I Care!

Happy Wednesday! I thought I’d do a mini-post on a small question that’s come up a couple times and deserves a tiny bit of fleshing out (hashtag little).

More than a few people have asked how to say something along the lines of either “That’s important to me” or “I don’t care”. Our English verb “care” is a mystery to me. It’s so…squishy, if that’s a linguistic term. I’d fully expect it to have a quirky case subject in some language that’s prone to such things. It didn’t seem verb-worthy in Dothraki, so there is no equivalent verb for “to care”.

So how do you do it? Actually you do it with a prepositional phrase, much like the phrase mra qora which was used in the wine merchant scene of episode 107. The phrase is mra zhor, which means “in the heart”. Thus, if you say the following:

Sajo anni mra zhor.

It means either “I care about my mount”, or “I care for my mount”, or “My mount is important to me”. Though it’s an expression now, zhor is inalienably possessed (unless you’re eating it, I guess), so a possessor need not be specified if it’s clear from context. The default context is always the speaker (especially so when you have a possessor like anni right in there). If you want to specify an alternate context (or simply emphasize the one to who cares), all you need to do is add an inalienable possessor to the word zhor, as below:

Sajo anni mra zhor moon.

And that would be “My mount is important to him”, or “He cares about my mount”.

To say something like “I don’t care”, you just have to turn it around a little bit:

Hazi vo mra zhor.

That is literally “That isn’t in my heart” and would mean “I don’t care about that”. Conventionally, you could shorten it up and say Vo mra zhor, and you can intensify it by saying Vo mra zhor vosecchi. Also, though it’s not directly related, if you wanted to say “I don’t care anymore”, you’d say Vo mra zhor ajjinoon. Ajjinoon means “anymore” most of the time in negative contexts (or at least that’s how it’s translated into English. It has other uses in positive contexts).

That said, I hope your day is a good one. Why? Hajinaan meme mra zhor anhoon. Me nem nesa.

Athchomar Chomakea!

In recent months there’s been some new interest from various quarters in Dothraki, so I thought what I’d do is write up a short post introducing you to some of the basic concepts behind Dothraki grammar and show you where to go for more detailed information. As such, this’ll be a good place to start if you’d like to learn how to read and write in Dothraki. (Note: You can get much of this information on a .pdf I wrote up which you can download here.)

Spelling and Pronunciation

Something I’ve neglected doing thus far on the blog is a post just on spelling and pronunciation. Oops! The spelling system is pretty much phonetic, though (i.e. each letter is pronounced the same way every time it appears), so it shouldn’t be too bad. For a quick rundown of each letter and digraph, go to the transcription section of the Dothraki Wiki.

If you’d like to perfect your pronunciation, I recommend clicking on the audio tag of this blog. That will bring up all the posts in which I’ve included a Dothraki recording. In addition, I’d like to recommend a few posts specifically that go over some trickier aspects of Dothraki pronunciation:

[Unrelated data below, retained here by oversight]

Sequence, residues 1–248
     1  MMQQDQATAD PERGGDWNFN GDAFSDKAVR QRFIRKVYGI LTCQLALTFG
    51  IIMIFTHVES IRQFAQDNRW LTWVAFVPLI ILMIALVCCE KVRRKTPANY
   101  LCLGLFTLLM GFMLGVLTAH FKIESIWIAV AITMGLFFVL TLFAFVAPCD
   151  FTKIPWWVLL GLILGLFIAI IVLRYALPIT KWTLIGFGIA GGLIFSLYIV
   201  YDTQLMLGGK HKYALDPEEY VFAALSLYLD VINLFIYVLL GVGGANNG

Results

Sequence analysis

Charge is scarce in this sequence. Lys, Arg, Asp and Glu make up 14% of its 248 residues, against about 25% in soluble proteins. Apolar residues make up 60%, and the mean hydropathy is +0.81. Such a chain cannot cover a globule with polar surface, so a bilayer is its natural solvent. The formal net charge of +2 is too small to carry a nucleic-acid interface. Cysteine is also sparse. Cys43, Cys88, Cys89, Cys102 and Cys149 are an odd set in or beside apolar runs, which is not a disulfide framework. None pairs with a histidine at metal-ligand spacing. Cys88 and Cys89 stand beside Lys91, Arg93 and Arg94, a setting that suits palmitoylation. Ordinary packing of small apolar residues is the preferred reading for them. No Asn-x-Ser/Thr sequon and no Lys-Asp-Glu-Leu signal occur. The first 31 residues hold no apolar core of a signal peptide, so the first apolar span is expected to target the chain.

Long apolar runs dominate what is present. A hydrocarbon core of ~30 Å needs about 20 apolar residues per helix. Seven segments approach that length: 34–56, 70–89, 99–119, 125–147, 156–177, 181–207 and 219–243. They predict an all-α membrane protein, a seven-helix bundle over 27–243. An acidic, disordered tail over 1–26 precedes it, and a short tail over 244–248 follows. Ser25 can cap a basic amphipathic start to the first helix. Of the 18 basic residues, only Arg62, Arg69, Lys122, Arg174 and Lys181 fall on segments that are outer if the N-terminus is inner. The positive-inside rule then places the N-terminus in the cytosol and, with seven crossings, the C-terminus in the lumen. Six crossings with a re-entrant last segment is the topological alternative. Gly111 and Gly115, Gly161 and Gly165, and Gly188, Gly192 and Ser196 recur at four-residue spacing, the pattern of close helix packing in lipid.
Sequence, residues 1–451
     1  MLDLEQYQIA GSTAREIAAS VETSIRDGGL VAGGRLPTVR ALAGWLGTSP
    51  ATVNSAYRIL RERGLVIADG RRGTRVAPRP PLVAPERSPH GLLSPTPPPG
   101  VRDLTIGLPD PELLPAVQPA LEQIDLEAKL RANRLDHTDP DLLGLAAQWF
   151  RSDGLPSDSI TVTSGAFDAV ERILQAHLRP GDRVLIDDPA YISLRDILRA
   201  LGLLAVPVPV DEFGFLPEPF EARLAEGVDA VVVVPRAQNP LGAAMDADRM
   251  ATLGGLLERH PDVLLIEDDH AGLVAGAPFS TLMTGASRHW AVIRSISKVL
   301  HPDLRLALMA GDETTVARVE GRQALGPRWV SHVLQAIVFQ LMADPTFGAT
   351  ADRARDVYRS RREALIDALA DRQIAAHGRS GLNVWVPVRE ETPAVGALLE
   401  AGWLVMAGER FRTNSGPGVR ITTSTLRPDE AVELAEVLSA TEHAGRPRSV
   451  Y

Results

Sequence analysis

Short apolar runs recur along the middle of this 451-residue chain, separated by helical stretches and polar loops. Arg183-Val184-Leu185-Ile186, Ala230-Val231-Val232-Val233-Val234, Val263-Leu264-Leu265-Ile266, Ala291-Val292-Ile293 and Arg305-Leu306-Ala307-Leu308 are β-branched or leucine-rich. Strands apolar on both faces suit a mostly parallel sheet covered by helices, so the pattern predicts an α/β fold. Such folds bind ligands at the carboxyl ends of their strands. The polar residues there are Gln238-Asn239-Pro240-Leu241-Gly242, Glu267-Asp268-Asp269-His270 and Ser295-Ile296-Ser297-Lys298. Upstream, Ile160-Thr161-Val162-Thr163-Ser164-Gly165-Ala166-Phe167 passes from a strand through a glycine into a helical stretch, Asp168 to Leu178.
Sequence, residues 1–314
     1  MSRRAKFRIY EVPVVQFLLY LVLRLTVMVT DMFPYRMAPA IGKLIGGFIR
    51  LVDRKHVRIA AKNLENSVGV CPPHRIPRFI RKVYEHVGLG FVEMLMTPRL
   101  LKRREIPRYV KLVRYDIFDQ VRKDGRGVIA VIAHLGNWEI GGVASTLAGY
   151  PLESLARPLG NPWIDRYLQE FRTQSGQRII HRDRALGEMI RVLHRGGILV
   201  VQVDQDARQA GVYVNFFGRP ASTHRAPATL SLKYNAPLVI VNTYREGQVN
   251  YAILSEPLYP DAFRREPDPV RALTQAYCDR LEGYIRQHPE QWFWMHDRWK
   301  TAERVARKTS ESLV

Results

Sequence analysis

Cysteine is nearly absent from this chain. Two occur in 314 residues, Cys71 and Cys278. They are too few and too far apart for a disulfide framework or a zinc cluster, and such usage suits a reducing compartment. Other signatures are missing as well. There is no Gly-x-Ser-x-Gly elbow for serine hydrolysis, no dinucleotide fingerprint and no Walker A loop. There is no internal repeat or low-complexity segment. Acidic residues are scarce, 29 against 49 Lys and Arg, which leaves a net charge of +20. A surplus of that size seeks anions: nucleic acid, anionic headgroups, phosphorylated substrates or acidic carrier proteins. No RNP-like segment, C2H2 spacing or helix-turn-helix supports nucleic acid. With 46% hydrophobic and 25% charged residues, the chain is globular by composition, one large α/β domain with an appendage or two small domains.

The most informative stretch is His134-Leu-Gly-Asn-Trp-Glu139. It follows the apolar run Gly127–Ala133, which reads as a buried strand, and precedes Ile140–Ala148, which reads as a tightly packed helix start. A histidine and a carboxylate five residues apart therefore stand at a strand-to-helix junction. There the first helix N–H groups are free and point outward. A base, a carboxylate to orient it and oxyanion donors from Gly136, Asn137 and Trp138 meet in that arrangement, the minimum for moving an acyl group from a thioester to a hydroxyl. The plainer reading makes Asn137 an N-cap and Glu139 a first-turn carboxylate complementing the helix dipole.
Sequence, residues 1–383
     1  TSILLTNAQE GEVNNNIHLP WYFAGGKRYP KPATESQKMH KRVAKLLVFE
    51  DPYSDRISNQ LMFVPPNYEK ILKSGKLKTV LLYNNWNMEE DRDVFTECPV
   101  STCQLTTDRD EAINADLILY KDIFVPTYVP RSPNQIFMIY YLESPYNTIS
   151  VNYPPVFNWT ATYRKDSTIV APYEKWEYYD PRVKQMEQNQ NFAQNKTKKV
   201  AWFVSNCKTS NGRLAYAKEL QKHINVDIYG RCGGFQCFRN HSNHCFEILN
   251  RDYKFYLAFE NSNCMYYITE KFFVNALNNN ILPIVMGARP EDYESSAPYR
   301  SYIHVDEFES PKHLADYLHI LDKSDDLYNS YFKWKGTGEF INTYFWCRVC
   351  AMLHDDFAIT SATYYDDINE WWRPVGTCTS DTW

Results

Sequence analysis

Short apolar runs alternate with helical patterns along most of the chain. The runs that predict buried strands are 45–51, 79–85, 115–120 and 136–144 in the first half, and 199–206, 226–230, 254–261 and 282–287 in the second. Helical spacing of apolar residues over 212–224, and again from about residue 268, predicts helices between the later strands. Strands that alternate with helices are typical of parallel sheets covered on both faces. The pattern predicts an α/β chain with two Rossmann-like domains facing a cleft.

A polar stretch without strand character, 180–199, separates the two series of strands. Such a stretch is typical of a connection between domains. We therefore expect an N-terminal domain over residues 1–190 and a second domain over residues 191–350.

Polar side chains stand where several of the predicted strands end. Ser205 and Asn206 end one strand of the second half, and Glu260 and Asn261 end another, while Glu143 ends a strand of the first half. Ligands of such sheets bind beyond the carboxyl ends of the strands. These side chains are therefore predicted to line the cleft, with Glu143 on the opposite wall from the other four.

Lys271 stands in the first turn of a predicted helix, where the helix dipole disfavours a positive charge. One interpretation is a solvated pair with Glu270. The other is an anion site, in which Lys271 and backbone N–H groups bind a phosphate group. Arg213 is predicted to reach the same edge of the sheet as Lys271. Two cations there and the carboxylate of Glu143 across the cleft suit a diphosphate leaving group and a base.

Of course, if you ever have a question about how something is pronounced, drop me a line! I like to practice, so I’m always happy to do recordings (though it may take me a while to get around to it).

Pronouns

Here’s a list of the personal pronouns of Dothraki in the nominative case (i.e. when used as the subject of the sentence):

Person Singular Plural
Dothraki English Dothraki English
First anha I kisha we
Second Familiar yer you yeri you, you all
Formal shafki you shafki you, you all
Third me he, she, it, one mori they

Some things to notice about the table above:

  • Though most varieties of English don’t distinguish between “you” when addressing one person or “you” when addressing more than one, Dothraki does.
  • Dothraki also distinguishes between familiar and formal address, much like Spanish or German or French. The formal pronoun shakfa, though, does not distinguish between singular and plural (the same pronoun is used for both).
  • Dothraki makes no gender distinction. Thus, me serves for “he”, “she” or “it”—and is also the pronoun used in impersonal constructions (e.g. “One shouldn’t run with scissors [even though it’s a lot of fun].”).

For more detailed information on pronouns (including their various forms in different cases), you can check out this blog post on pronouns, or go to the pronouns section of the Dothraki Wiki.

Nouns

In Dothraki, there are two important things one needs to know about a noun in order to use it properly: What its gender or noun class is, and what case it’s to be used in. We’ll discuss those two things separately.

In Dothraki there are two types of nouns: Vekhikh Hranna (Grass Nouns) and Vekhikh Asavva (Sky Nouns). The two types of nouns differ in how they decline—that is, the forms they use in a sentence. The noun type is something that simply must be learned and memorized, though there are some clues that help one determine how likely a noun is to be a Grass Noun or a Sky Noun. For more information on this, see the section on noun animacy in the Dothraki Wiki.

For translation purposes, the main difference between Grass and Sky Nouns is that Grass Nouns don’t distinguish between singular and plural; Sky Nouns do.

Now to discuss nominal declension. In English, we say “He saw the dog” and “The dog saw him”. We don’t say “Him saw the dog” or “The dog saw he”. Ever wonder why? It’s because (most) English pronouns decline for case. Dothraki nouns are like English pronouns, except they have more forms than (using “he”) just “he”, “him” and “his”. These forms correspond to different roles the nouns play in a sentence. These roles are summarized below: